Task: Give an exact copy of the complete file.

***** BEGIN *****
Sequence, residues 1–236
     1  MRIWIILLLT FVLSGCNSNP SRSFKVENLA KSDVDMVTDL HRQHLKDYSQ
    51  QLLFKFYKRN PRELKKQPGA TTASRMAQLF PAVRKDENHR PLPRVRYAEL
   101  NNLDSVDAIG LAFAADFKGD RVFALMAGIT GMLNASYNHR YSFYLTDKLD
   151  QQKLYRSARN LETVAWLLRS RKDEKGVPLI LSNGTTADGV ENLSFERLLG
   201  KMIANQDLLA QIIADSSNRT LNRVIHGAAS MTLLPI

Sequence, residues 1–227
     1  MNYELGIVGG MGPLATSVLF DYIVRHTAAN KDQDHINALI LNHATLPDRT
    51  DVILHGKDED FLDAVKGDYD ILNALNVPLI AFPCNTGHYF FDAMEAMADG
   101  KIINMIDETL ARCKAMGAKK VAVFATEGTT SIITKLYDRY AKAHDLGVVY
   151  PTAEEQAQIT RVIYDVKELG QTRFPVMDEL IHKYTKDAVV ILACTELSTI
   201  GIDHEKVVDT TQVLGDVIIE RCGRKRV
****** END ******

Sequence, residues 1–236
     1  MRIWIILLLT FVLSGCNSNP SRSFKVENLA KSDVDMVTDL HRQHLKDYSQ
    51  QLLFKFYKRN PRELKKQPGA TTASRMAQLF PAVRKDENHR PLPRVRYAEL
   101  NNLDSVDAIG LAFAADFKGD RVFALMAGIT GMLNASYNHR YSFYLTDKLD
   151  QQKLYRSARN LETVAWLLRS RKDEKGVPLI LSNGTTADGV ENLSFERLLG
   201  KMIANQDLLA QIIADSSNRT LNRVIHGAAS MTLLPI

Sequence, residues 1–227
     1  MNYELGIVGG MGPLATSVLF DYIVRHTAAN KDQDHINALI LNHATLPDRT
    51  DVILHGKDED FLDAVKGDYD ILNALNVPLI AFPCNTGHYF FDAMEAMADG
   101  KIINMIDETL ARCKAMGAKK VAVFATEGTT SIITKLYDRY AKAHDLGVVY
   151  PTAEEQAQIT RVIYDVKELG QTRFPVMDEL IHKYTKDAVV ILACTELSTI
   201  GIDHEKVVDT TQVLGDVIIE RCGRKRV